Entrepreneurs don't like to pay taxes
Yesterday I was at the briefing on the Barangay Micro Business Enterprises(BMBE)Act of 2002 (RA No. 9178) conducted by the DTI's Bureau of Small and Medium Enterprise Development. Briefly, the BMBE law encourages the formation and growth of barangay micro business enterprises by granting them incentives and other benefits. Registered BMBEs with three million or less assets are exempted from income taxes and are not required to abide by minimum wage requirements for its workers.
The discussion became animated when the lecturer started discussing the process of availing the tax exemptions. At one point, the DTI lecturer, exasperated by the sheer insistence of one man in his forties, all but advised the audience to find an accountant that would bring down the business's assets to three million in order to qualify for the exemption. But then again, she was quick to remind, the BIR may find out.
Another was asking what about if his employee asked for a raise. How can he fend off the request? The lecturer said that the BMBE law only provides that the wage should be a consensual agreement between the employer and the employee. The employee should have agreed with the wage rate beforehand. But, said the lecturer: "Sir, you also have to be human."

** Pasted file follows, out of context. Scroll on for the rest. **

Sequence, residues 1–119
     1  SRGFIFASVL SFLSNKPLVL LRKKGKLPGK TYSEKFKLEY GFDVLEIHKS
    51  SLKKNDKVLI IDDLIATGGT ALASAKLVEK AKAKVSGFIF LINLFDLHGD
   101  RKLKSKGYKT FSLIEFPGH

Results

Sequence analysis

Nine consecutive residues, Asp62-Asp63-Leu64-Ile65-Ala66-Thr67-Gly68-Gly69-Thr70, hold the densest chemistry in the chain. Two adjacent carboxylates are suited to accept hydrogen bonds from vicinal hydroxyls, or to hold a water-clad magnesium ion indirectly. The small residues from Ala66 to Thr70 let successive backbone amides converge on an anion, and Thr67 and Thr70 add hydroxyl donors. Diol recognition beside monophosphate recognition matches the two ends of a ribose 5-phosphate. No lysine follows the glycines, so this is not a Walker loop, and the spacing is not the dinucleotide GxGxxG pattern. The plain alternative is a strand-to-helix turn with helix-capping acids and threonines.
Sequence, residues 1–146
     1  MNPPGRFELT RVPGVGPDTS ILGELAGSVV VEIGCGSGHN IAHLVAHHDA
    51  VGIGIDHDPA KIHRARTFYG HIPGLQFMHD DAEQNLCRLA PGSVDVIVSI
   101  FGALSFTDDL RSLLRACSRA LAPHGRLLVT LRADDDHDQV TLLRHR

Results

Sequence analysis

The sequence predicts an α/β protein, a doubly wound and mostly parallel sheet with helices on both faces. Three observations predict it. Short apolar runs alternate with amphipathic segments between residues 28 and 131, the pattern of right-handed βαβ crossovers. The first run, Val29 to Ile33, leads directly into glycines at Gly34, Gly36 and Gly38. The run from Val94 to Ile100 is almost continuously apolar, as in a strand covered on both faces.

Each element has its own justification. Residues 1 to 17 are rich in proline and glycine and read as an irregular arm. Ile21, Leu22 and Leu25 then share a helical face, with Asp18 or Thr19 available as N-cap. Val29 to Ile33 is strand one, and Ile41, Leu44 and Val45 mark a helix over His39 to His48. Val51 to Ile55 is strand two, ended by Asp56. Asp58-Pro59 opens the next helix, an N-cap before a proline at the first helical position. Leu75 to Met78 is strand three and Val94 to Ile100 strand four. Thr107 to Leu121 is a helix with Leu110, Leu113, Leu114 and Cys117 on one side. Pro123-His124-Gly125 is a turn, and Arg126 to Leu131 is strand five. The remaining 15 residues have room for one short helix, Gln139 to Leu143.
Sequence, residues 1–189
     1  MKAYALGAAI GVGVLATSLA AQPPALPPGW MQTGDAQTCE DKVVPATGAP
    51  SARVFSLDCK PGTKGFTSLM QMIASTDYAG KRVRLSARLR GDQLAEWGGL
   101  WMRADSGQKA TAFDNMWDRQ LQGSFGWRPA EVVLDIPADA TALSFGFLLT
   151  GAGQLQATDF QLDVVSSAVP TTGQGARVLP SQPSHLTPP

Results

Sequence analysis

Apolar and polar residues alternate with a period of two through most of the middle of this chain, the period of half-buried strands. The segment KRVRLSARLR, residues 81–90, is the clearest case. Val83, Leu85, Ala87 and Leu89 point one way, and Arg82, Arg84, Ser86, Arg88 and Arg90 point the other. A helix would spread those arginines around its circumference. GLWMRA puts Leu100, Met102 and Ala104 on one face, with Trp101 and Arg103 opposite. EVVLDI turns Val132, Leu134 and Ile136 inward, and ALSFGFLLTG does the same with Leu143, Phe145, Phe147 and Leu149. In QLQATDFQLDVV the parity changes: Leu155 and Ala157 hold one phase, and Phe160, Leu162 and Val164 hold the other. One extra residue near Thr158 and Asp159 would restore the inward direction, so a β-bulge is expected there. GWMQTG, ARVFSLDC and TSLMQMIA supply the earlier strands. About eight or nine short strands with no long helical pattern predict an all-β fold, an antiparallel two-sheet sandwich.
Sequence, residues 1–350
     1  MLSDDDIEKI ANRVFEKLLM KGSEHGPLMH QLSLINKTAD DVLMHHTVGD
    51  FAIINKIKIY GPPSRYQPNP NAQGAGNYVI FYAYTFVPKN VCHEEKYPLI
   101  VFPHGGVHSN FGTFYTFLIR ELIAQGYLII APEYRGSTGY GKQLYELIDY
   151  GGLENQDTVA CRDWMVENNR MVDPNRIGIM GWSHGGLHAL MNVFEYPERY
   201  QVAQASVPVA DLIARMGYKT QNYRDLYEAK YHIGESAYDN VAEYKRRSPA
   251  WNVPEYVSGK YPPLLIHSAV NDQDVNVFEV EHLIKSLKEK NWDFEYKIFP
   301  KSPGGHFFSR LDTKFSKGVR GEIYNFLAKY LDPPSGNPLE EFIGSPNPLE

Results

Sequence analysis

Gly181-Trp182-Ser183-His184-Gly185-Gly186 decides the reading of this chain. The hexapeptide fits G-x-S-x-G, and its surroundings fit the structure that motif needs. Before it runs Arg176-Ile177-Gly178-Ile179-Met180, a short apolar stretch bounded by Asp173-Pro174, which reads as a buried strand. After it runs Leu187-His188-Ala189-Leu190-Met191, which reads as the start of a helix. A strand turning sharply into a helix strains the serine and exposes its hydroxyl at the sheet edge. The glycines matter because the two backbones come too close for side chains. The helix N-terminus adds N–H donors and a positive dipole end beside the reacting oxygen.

One lady who sat beside me was there looking for a low-interest loan. A friend, who was operating a animal feed supply enterprise, recommended that she attend the briefing. According to this lady, her friend got a two million loan with very minimal inerest rate.
If you are interested to attend this series of DTI briefings for would-be entrepreneurs, call BSMED-DTI at 897-1693 or e-mail bsmed AT dti DOT gov DOT ph.